Let me pick up where I left off and get back on track. The main topic: my size, not my fashion choices. Got it.
Fast forward to the year we left for Vancouver. At some point, I started working out more and more. Don’t know how or why but it happened. Jillian Michaels was my girl and her 30 Day Shred Workout was my jam. Only, of course, I wasn’t thaaat dedicated to the 30 Day Shred and missed days here and there. I also began to eat less. I halved my portions (I’m sorry, curry, I can only eat half of you; sorry, bowl, I’m only filling you up halfway; sorry, Asian roots, my white rice and noodle intake is being reduced for the greater good lol) but still had no one true goal to lose x amount of weight or be as thin as x celebrity.
When the term ‘thinspo’ blew out of proportion on the internet and girls started finding other thin girls to inspire them, I was nowhere near climbing onto that wagon but I did wonder now and then how awesome it would be to look like Erin Heatherton. Or at least the airbrushed healthier-looking Erin on the VS site, not the one whose rib cage was sticking out.
My mom encouraged me to find some kind of inspiration to keep going. Oddly enough, I lack that kind of drive/competitive streak which I blame partially – or entirely, depending on my mood – on the fact that I always missed joining the A (read: smart) class because my report card always somehow didn’t make it to the school in time. I don’t paste pictures of my idol or fitness quotes on the wall to motivate myself, I don’t make schedules or workout routines that I strictly follow, I don’t force myself to go on diets or cut out specific foods, I don’t think of being able to fit in smaller-sized pretty clothes. Not very inspiring, I know.
I made it very clear – well, I hope I did – to my family members that I was exercising for health’s sake, not for numbers’ or fitting into a size 2 dress’s sake. I meant it. I didn’t start working out to lose a specific amount of weight. I did it for me. I did it for my health. Because I knew that I wasn’t doing enough daily physical activity. The bonus, to me, is looking nice in things I would like to wear. Anyway, I lost weight, toned up, and for the first time ever, I felt healthy.
When people told me that I looked better after I started working out, I didn’t quite know what to feel. Of course, my first reaction was delight because people actually noticed that I had slimmed down but then later I would mull over it for a long time. Did I look better because I was thinner? Or did I look better because I looked healthier? Clearly, it was the former. Thinner, healthier, what is the freaking difference, right? To me, and I’m sure to many other people who know anything about anything, thin doesn’t automatically equal healthy.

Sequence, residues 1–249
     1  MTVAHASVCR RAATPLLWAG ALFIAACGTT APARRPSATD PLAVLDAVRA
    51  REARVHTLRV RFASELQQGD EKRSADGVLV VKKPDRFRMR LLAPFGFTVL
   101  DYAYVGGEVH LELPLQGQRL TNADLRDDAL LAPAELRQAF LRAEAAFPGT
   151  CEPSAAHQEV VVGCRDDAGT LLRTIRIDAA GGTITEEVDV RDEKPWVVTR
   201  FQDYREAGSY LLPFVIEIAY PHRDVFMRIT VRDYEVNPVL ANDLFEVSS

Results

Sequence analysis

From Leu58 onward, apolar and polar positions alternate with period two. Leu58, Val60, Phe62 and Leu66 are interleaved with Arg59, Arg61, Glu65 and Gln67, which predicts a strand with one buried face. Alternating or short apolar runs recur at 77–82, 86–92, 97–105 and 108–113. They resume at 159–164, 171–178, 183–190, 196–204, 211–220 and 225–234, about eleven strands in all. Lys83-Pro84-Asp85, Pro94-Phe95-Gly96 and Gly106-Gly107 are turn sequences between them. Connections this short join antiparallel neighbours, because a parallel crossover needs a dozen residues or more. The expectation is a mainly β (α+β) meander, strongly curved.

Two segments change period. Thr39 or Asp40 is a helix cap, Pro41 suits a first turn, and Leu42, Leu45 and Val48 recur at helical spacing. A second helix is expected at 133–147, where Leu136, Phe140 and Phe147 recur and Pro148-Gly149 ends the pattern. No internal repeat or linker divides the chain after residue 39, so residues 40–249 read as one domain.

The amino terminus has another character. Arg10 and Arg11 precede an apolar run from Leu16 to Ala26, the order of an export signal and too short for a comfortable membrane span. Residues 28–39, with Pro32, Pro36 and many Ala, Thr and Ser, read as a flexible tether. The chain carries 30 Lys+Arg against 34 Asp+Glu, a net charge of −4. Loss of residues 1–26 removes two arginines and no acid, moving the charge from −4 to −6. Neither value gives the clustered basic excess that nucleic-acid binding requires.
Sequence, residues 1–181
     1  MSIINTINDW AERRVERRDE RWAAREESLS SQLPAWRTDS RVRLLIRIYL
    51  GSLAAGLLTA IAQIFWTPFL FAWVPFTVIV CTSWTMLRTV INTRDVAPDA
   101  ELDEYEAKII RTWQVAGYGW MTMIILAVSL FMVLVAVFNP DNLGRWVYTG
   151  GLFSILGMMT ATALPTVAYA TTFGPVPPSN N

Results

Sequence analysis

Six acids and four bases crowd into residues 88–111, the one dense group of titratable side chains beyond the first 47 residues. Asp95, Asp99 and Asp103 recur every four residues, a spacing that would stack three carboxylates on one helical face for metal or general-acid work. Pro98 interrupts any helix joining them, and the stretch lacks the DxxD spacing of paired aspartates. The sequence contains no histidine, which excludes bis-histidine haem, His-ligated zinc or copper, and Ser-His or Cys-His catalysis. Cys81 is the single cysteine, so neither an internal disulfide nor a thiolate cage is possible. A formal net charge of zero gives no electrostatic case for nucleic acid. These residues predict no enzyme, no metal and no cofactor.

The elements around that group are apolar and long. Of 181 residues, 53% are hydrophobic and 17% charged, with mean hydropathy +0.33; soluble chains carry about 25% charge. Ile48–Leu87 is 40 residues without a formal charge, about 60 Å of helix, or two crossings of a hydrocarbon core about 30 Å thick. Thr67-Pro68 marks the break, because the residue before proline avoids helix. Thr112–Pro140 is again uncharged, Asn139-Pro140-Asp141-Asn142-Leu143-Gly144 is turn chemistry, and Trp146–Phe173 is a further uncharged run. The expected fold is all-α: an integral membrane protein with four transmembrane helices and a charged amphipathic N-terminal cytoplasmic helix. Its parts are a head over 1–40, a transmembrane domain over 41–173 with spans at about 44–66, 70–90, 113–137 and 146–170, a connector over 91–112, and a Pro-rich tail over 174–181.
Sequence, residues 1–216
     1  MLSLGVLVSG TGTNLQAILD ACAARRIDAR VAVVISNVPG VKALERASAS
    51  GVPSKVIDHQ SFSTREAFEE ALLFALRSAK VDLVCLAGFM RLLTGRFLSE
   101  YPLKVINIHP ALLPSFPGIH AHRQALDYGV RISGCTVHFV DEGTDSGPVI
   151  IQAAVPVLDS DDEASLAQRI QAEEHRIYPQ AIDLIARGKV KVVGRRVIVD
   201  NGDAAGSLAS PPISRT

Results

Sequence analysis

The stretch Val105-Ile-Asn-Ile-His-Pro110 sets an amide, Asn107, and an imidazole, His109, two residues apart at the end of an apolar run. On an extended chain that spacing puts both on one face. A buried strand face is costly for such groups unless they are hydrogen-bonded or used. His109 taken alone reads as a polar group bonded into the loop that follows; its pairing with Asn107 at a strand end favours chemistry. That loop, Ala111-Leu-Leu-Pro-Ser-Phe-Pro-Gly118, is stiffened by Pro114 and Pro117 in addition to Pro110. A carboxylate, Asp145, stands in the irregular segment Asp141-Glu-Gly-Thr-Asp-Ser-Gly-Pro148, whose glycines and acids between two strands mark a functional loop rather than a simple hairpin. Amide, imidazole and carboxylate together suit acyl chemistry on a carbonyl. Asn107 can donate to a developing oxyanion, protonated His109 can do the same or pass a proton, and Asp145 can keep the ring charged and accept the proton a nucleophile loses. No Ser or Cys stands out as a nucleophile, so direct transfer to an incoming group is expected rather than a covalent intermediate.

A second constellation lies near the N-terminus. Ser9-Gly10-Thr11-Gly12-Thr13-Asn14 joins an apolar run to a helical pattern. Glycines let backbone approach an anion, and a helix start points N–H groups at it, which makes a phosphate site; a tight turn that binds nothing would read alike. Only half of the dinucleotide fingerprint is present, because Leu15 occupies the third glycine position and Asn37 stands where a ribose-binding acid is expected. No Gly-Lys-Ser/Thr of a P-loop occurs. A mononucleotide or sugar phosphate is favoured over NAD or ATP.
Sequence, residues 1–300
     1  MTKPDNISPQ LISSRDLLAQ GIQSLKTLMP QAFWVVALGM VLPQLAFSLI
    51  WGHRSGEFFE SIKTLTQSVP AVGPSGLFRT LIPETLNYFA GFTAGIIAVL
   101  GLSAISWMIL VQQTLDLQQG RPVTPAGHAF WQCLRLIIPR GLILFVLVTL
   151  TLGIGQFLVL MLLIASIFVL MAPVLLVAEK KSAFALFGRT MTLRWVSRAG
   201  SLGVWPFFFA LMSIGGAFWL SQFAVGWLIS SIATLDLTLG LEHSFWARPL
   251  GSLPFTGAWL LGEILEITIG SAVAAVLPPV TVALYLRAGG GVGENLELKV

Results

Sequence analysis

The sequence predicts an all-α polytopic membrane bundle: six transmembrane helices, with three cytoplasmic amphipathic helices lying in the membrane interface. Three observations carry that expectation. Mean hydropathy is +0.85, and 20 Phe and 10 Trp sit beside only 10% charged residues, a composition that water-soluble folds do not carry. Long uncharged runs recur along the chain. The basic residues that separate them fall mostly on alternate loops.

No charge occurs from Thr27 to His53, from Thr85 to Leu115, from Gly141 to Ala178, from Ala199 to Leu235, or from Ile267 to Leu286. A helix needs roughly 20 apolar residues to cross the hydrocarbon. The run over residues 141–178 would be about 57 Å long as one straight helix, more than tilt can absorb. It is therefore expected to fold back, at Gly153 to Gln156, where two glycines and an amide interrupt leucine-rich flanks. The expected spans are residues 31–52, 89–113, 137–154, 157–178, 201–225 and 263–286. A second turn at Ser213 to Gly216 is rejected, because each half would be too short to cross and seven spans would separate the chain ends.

I thought I would feel better after slimming down. Healthy? Yes. Better? I don’t know. I tried to explain it to my mom who told me, ‘Who cares what other people think? Do it for yourself.’ Truer words have never been spoken. But it was more than that, I feel. I still didn’t feel satisfied with the way I felt, if that makes any sense.
I’m not sure if I can explain it better now or if what I’m about to say accurately describes what I feel but I’ll try anyway:
I was comfortable in my own skin. I was comfortable in my own skin before people started calling me fat. I was made to feel uncomfortable even though I was perfectly okay being the size I was (which wasn’t fat). The fact that I was made to feel ashamed of my own body at such a young age repulses me. So after losing weight, I guess I felt like, ‘was my old self that bad? How much better is this? Was the old me not me? Is that all I am – a size? At size 12, I can’t be happy, but at a smaller size, I can be? Am I closer to ‘beauty’ now?’
When I could have been focusing on things like building my self-esteem or working on my talents, I was made to feel self-conscious about my body?!
I don’t want people to like me because I’m thin. I have never wanted people to like me because of my size. I want people to like me because I’m funny and easygoing and loyal and practical and sometimes adventurous. I want people to like me for who I am, regardless of whether I’m a few pounds heavier or lighter. Too much to ask for? Too idealistic? Who knows?
I’m finally getting to the part about the fitting room in part 5.